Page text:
Are E-learning and Mobile Learning Different?
Check out this blog to find out if mobile learning is different from e-learning. If yes, how is it different?
It is well known that the ‘e’ in e-learning stands for the word ‘electronic’. So, many consider e-learning to be learning delivered through electronic devices such as desktop computers, laptops, or mobile devices. They perceive learning through mobiles as just another form of e-learning and often use the terms e-learning and mobile learning synonymously. Does that mean you can make your 30-minute e-learning course, created for desktop computers, mobile-compatible and call it mobile learning? NO! The only common aspect between these two methods of learning is the usage of the training delivery platform – electronic devices and the Internet.
The two methods of learning differ in many aspects such as the purpose of training, flexibility in their access, duration of courses, design considerations, and the time required to develop courses. Want to know how? Keep reading.
Note: E-learning in this post refers only to self-paced learning that is delivered through a desktop computer or a laptop.
E-learning programs are structured, formal, and constrained by time.They are primarily used to impart specific skills or deliver in-depth knowledge on a subject. Learners are expected to understand and retain the skills and knowledge presented in them.
On the other hand, mobile learning courses are designed to reinforce knowledge. They are extensively used to support the ongoing learning process, by providing learners quick access to bytes of information, while they are on the go. They provide just-in-time learning, on-demand. Also, unlike e-learning courses, mobile learning is not structured or formal. It can be in the form of short videos, infographics, interactive eBooks, or other mobile-compatible formats which are short enough to provide learning at a quick glance.
E-learning courses can be accessed conveniently on desktop computers and laptops. When the learner is on the move, it can be difficult for him to access the e-learning course. Even if he carries a laptop, he might need a high speed Internet connection; and if he takes the course offline, it might not be possible to go through the entire course of 20-30 minutes. So, e-learning is mostly confined to a static environment.
Coming to mobile learning, learners can access learning materials on the go.There is hardly anyone today who does not own a mobile device – either a smartphone, iPad, or a tablet. Learners can go through the training content using their mobile devices anytime, anywhere. Furthermore, the problem of Internet connectivity is less as mobile learning materials are small in size and duration. They can also be delivered through mobile apps.
A typical e-learning course always covers around 4-5 learning objectives as its purpose is to provide comprehensive knowledge of a subject and wind up the concept in a single go. Each course is anywhere between 20 minutes to 1 hour. Some e-learning courses can even span one and a half hours.
However, a mobile learning course is usually not more than 10 minutes in duration and addresses one learning objective comprehensively. “Mobile learners” find it hard to focus for extended periods of time, and this makes learning nuggets the best choice for delivering content on mobile devices, as sparing 5 minutes for a mobile learning module is not too much to ask.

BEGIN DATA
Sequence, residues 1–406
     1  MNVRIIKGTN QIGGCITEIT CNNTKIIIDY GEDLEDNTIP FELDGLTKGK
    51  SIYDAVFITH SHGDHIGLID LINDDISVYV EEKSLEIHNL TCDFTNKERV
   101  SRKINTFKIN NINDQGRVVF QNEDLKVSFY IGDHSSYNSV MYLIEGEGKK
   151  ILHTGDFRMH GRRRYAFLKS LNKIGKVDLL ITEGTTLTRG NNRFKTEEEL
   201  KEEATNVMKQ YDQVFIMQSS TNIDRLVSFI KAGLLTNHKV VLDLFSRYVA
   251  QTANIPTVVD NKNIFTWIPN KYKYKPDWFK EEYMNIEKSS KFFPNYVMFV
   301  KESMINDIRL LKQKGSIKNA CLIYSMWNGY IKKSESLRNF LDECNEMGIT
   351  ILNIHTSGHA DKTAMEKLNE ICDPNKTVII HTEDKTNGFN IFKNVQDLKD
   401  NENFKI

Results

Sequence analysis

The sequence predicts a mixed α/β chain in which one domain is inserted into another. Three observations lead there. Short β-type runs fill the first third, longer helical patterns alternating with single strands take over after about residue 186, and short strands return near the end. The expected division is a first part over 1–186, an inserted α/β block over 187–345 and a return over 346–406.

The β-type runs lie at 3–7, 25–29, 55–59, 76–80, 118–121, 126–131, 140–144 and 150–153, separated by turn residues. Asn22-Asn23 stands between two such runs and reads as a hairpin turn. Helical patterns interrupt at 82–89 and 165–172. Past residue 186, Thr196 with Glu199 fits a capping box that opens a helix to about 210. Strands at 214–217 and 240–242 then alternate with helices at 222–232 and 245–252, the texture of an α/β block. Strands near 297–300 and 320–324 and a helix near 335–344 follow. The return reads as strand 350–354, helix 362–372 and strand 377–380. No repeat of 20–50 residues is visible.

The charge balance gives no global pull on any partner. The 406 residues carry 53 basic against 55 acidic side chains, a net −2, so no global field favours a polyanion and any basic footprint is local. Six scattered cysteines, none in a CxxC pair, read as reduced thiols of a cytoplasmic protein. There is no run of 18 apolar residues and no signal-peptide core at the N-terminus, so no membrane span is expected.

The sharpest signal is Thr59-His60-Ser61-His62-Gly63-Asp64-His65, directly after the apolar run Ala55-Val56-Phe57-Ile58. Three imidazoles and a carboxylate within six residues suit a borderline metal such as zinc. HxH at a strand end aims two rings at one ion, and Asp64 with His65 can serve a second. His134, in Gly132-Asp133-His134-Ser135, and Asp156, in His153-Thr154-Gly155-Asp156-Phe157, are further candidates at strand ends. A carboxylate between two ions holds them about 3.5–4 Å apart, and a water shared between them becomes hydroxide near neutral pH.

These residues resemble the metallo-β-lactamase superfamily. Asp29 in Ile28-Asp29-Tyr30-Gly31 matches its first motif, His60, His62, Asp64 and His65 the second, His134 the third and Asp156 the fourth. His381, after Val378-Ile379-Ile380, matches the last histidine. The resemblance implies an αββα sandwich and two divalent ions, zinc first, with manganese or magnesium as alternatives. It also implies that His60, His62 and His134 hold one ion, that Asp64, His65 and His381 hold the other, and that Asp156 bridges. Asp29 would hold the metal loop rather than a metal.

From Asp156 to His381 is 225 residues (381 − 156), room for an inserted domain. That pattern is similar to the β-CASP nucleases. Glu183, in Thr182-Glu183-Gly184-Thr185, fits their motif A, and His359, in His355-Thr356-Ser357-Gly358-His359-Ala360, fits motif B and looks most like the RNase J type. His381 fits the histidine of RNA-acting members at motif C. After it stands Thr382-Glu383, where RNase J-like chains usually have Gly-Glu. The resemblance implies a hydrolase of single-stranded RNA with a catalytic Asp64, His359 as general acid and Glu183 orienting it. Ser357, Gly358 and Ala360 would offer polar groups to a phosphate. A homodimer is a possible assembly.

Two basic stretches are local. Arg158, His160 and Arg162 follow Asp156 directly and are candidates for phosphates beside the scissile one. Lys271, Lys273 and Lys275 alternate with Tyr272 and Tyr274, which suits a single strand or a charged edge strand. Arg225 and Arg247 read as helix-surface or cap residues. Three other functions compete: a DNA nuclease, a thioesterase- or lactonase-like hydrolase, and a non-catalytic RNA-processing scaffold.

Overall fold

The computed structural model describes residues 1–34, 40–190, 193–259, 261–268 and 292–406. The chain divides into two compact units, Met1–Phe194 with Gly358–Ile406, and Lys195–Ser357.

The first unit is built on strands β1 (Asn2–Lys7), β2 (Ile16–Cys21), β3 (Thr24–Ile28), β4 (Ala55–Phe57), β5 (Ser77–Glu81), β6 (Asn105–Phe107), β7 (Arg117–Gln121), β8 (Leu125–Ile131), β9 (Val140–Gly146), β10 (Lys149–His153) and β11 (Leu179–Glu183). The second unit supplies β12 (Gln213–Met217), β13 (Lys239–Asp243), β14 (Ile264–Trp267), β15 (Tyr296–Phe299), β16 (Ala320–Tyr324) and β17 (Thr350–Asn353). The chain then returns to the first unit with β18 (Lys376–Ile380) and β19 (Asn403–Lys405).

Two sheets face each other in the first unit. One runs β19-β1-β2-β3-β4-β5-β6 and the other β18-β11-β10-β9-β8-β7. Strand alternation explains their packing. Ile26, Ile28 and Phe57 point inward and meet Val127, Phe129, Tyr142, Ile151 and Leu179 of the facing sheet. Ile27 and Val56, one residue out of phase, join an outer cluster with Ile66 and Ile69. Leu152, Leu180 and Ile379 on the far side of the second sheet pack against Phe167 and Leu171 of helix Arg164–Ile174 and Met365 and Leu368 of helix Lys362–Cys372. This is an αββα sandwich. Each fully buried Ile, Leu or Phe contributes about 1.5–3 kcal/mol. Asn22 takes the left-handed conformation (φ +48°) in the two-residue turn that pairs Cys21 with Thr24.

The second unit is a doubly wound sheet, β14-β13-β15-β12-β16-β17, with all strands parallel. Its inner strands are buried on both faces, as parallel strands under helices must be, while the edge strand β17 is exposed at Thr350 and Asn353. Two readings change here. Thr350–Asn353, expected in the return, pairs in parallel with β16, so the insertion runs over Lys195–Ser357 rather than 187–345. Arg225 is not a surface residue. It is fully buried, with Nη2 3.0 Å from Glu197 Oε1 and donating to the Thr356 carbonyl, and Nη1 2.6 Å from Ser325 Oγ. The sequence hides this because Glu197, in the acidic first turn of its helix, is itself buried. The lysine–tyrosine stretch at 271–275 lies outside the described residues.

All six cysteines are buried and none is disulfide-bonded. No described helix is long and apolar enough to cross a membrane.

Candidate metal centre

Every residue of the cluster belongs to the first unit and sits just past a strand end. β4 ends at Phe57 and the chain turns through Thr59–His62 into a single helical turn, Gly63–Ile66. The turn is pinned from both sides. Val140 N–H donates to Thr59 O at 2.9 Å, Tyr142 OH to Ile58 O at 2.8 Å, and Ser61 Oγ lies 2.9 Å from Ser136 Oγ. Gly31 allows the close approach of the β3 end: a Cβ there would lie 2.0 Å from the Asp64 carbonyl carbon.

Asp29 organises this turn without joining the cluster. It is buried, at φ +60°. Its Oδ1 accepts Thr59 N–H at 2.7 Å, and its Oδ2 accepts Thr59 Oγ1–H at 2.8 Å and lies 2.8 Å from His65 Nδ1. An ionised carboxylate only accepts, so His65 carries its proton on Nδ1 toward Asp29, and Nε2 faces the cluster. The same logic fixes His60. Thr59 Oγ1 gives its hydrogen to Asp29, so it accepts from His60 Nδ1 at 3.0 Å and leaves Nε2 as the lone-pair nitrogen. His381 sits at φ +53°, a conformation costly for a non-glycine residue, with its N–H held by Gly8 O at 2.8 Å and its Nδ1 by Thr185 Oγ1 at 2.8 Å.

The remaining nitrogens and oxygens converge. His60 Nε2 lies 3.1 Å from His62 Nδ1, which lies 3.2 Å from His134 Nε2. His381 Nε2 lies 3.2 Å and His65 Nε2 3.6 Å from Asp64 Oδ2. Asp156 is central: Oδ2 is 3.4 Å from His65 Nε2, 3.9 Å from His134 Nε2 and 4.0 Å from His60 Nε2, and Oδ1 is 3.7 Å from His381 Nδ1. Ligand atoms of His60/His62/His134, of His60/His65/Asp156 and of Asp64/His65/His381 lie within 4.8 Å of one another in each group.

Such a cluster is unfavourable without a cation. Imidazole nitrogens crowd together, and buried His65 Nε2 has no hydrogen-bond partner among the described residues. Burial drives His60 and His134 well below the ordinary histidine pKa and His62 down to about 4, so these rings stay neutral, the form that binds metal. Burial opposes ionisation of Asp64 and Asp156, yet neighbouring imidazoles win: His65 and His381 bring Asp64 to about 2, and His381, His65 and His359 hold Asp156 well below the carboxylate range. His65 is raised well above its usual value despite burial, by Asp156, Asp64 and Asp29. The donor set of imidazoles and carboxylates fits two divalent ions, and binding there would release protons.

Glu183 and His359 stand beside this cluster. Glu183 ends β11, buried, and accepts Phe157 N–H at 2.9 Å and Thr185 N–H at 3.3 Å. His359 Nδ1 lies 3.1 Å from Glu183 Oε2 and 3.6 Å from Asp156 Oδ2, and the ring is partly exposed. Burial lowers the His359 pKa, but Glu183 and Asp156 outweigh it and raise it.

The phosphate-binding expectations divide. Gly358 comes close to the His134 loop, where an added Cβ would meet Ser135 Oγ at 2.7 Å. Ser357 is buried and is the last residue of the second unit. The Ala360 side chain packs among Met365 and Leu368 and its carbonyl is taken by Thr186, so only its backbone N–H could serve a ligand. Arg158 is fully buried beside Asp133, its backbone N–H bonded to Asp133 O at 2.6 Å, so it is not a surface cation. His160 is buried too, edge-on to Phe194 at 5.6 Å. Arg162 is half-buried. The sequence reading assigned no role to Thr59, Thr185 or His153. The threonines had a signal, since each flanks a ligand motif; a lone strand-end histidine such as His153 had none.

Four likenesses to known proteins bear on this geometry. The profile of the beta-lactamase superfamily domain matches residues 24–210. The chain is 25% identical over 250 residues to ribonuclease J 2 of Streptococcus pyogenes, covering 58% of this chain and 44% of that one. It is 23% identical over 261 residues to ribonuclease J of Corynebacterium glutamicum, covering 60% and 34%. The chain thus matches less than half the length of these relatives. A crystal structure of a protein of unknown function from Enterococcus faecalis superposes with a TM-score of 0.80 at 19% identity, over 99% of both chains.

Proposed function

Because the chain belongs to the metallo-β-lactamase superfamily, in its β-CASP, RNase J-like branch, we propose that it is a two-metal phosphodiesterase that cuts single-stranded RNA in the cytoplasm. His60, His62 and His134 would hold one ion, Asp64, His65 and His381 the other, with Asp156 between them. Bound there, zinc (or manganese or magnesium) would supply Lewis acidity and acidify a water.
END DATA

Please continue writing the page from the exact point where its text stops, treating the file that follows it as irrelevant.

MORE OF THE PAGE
The screens of desktop computers and laptops have all the real estate in the world to accommodate heavy content. You can present content in paragraphs, use large images, and include complex interactivities (keeping learners’ familiarity with computers in mind, of course).
When it comes to designing mobile learning courses, you have very limited real estate to work on, which should also accommodate the navigational features. You need to ensure learners are able to access the content on these small screens. So, you have to chunk most of the content to accommodate only that which helps communicate the information – be it in the form of a video, representational graphics, or flowcharts. Also, you need to ensure interactivities are simple and mobile-friendly.
The number of slides in an online course is a function of the number of learning objectives covered in it – greater the number of learning objectives addressed, more the slides. And, we all know that more the number of slides in an e-learning course, the longer it takes to develop it. As we have seen earlier, a typical e-learning course address 3 or 4 learning objectives, and this translates to around 20 to 30 slides (around 30 minutes of e-learning). It takes approximately four weeks to develop a course of this size.
Mobile learning hardly covers more than 2 objectives per course, which typically requires around 2 weeks to develop. Also, a mobile learning module need not always be a course; it can be a video or an infographic. In such cases, it takes only 2-5 days to develop, depending on the amount of content.
Apart from the fact that learning nuggets are accessible on mobile devices, these are a few reasons mobile learning is different from e-learning – the difference in purpose, accessibility, learning duration design considerations, and development duration. Can you think of other differences between e-learning and mobile learning to share? We would love to read them in our Comments section.